In Psalm 25, we encounter one of the continual refrains of the psalmists: “All the paths of the Lord are steadfast love and faithfulness”. However, God’s steadfast love and faithfulness is only “for those who keep his covenant and his decrees.” There is a condition here to God’s love that I do not find in the New Testament. In the Gospels, we see Jesus healing people and even forgiving people who do not ask for it (Mark 2). Even Paul says that nothing can ever separate us from the love of God (Romans 8). However, in the context of the way the psalmist thinks, it should come as no surprise that when he thinks of the conditions attached to God’s love he should say, “For your name’s sake, O Lord, pardon my guilt, for it is great.” This penitent attitude is certainly better than self-righteousness, but there is also a certain fear here, fear that the psalmist might be left out in the cold, outside of God’s covenant love. We who have the blessing of the New Testament know better. “There is no fear in love, but perfect love casts out fear; for fear has to do with punishment, and whoever fears has not reached perfection in love.” (1 John 4:18)
In Psalm 26, we return to self-righteousness. Perhaps one thing the psalms offer us is a window into our own souls. We are often like drunks trying to drive; we swerve from one side of the road to the other, from fear of losing God’s love to self-righteous overconfidence. Regarding the self-righteousness in the Psalms, C. S. Lewis has this helpful note….
For many people it will not much mend matters if we say, as we probably can with truth, that sometimes the speaker was from the first intended to be Israel, not the individual, and even, within Israel, the faithful remnant. Yet it makes some difference; up to a certain point that remnant was holy and innocent compared with some of the surrounding Pagan cultures. It was often an “innocent sufferer” in the sense that it had not deserved what was inflicted on it, nor deserved it at the hands of those who inflicted it. But of course there was to come a Sufferer who was in fact holy and innocent. Plato’s imaginary case was to become actual. All these assertions were to become true in His mouth. And if true, it was necessary they should be made. The lesson that perfect, unretaliating, forgiving innocence can lead as the world is, not to love but to the screaming curses of the mob and to death, is essential. Our Lord therefore becomes the speaker in these passages when a Christian reads them.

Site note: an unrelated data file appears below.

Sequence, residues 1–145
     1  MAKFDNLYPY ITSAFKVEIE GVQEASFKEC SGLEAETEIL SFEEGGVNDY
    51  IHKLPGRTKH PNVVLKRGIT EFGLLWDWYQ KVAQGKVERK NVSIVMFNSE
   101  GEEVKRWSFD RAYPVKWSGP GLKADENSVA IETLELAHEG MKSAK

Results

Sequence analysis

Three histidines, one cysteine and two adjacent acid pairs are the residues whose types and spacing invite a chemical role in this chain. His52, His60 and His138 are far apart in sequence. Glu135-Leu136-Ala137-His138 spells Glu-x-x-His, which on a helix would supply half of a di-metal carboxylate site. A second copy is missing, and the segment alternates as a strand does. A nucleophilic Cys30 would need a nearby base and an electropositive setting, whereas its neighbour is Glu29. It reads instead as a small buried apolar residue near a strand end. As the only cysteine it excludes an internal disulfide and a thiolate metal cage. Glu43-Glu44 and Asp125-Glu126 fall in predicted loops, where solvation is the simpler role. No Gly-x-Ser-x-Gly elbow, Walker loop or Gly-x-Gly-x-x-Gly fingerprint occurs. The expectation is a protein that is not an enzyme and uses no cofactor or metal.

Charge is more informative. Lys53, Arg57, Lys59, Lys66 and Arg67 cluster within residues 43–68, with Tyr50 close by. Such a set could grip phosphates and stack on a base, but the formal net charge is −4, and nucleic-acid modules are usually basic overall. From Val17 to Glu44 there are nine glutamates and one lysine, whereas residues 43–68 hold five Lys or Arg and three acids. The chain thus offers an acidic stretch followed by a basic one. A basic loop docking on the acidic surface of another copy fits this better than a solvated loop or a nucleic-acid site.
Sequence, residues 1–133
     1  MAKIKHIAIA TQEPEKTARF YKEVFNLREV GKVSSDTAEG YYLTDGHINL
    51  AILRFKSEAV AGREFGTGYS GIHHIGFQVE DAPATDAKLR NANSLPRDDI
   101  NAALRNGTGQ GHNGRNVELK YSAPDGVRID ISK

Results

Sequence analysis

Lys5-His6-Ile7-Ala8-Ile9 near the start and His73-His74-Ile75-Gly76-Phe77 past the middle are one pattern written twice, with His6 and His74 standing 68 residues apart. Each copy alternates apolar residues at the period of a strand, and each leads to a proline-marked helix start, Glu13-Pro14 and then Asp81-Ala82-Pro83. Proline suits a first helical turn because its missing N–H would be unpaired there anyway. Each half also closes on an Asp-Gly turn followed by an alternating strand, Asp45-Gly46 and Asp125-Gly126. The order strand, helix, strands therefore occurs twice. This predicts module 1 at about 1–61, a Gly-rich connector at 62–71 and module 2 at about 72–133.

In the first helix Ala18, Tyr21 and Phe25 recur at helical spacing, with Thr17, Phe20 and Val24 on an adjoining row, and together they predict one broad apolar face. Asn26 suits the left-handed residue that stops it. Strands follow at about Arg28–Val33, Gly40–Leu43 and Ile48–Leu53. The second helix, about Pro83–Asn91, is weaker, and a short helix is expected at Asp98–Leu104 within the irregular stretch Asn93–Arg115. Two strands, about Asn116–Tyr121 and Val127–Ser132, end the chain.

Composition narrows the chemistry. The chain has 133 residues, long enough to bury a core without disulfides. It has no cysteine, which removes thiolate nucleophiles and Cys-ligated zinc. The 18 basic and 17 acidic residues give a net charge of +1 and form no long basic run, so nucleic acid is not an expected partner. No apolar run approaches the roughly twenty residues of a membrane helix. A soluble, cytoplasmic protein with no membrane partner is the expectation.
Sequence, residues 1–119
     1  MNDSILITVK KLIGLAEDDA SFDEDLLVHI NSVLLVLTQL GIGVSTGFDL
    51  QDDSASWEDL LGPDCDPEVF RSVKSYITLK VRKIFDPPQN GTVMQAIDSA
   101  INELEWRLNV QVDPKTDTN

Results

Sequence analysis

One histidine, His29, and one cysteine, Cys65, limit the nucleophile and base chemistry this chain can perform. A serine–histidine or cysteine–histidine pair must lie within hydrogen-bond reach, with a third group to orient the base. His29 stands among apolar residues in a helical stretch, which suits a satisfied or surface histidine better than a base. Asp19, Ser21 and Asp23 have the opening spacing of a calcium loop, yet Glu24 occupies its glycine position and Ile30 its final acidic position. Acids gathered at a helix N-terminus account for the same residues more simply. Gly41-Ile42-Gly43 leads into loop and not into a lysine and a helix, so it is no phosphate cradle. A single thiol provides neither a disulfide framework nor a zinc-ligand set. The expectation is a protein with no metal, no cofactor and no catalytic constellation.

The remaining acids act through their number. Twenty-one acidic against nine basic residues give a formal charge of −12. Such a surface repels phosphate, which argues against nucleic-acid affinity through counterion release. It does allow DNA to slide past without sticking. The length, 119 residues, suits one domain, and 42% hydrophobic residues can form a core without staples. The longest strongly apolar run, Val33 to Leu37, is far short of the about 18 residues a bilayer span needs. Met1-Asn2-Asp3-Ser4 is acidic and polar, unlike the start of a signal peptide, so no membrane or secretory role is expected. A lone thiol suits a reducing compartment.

To my mind, Psalm 27 poses none of the difficulties to think through that are present in Psalm 26. It is a psalm that “works” almost perfectly for the devotion of Christians today because, though David’s circumstances were different, we can still identify with the emotions expressed here. Even David’s enemies have receded somewhat into the background. He is no longer concerned with their judgment. Rather, he is concerned mainly with the Lord coming to his rescue and not casting him off. The psalm ends on a note of encouragement that we often need to hear: "Wait for the Lord; be strong, and let your heart take courage; wait for the Lord!”
By the way, Psalm 27:1 is the motto of The University of Oxford and can be seen, emblazoned in Latin, on the university crest. Imagine what the educational world would be like today if not only Oxford, but colleges and universities and schools around the world, took this motto sincerely as their own: “The Lord is my light and my salvation.”
In Psalm 28, the wicked are back at David’s heels and he is concerned for God’s judgment of them. “Repay them according to their work, and according to the evil of their deeds; repay them according to the work of their hands; render them their due reward.” For some reason, in this psalm, it does not occur to David what would happen if the Lord repaid him according to his work. A sense of self-righteousness, and almost entitlement, has returned. Much better is the attitude of the believer who sees himself or herself simply as “one beggar telling other beggars where to find bread”.